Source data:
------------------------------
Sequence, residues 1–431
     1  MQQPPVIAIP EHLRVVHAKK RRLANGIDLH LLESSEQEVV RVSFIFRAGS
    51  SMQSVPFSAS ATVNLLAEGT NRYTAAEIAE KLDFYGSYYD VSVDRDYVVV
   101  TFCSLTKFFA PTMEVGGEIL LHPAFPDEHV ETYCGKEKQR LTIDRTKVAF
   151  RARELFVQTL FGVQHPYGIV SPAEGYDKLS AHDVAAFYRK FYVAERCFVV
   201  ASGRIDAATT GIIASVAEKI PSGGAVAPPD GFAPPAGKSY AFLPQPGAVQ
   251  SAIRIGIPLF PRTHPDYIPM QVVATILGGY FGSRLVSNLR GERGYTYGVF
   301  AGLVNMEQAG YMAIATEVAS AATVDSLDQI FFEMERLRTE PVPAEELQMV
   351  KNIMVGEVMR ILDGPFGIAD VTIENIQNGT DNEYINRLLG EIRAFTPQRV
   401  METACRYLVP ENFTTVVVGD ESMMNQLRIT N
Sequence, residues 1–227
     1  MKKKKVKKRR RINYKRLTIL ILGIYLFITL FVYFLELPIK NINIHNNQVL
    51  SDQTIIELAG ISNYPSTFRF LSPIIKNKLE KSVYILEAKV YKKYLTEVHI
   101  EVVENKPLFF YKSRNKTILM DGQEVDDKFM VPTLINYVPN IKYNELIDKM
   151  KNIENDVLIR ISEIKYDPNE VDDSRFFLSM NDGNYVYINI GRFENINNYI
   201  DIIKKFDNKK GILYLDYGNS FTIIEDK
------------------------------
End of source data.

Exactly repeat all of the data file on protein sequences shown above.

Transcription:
Sequence, residues 1–431
     1  MQQPPVIAIP EHLRVVHAKK RRLANGIDLH LLESSEQEVV RVSFIFRAGS
    51  SMQSVPFSAS ATVNLLAEGT NRYTAAEIAE KLDFYGSYYD VSVDRDYVVV
   101  TFCSLTKFFA PTMEVGGEIL LHPAFPDEHV ETYCGKEKQR LTIDRTKVAF
   151  RARELFVQTL FGVQHPYGIV SPAEGYDKLS AHDVAAFYRK FYVAERCFVV
   201  ASGRIDAATT GIIASVAEKI PSGGAVAPPD GFAPPAGKSY AFLPQPGAVQ
   251  SAIRIGIPLF PRTHPDYIPM QVVATILGGY FGSRLVSNLR GERGYTYGVF
   301  AGLVNMEQAG YMAIATEVAS AATVDSLDQI FFEMERLRTE PVPAEELQMV
   351  KNIMVGEVMR ILDGPFGIAD VTIENIQNGT DNEYINRLLG EIRAFTPQRV
   401  METACRYLVP ENFTTVVVGD ESMMNQLRIT N
Sequence, residues 1–227
     1  MKKKKVKKRR RINYKRLTIL ILGIYLFITL FVYFLELPIK NINIHNNQVL
    51  SDQTIIELAG ISNYPSTFRF LSPIIKNKLE KSVYILEAKV YKKYLTEVHI
   101  EVVENKPLFF YKSRNKTILM DGQEVDDKFM VPTLINYVPN IKYNELIDKM
   151  KNIENDVLIR ISEIKYDPNE VDDSRFFLSM NDGNYVYINI GRFENINNYI
   201  DIIKKFDNKK GILYLDYGNS FTIIEDK